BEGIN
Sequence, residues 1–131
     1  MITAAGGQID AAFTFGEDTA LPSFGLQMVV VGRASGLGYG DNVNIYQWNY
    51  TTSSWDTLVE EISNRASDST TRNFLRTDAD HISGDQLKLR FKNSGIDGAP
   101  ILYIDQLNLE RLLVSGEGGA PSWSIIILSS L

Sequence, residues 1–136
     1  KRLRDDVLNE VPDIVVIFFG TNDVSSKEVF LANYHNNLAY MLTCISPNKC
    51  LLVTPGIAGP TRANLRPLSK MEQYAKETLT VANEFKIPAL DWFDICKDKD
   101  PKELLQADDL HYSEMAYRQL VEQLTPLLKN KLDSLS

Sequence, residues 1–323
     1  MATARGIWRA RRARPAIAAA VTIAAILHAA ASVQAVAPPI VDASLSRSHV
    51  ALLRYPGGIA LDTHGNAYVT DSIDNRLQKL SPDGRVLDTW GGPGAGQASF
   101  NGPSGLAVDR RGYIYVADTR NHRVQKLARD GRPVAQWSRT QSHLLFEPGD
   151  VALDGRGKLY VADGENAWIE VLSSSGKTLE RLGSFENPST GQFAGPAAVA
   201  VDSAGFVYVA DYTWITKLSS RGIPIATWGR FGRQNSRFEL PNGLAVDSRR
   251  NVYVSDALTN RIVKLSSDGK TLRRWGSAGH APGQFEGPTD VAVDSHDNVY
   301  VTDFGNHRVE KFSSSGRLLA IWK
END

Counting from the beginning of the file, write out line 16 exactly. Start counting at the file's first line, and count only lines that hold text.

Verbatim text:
   301  VTDFGNHRVE KFSSSGRLLA IWK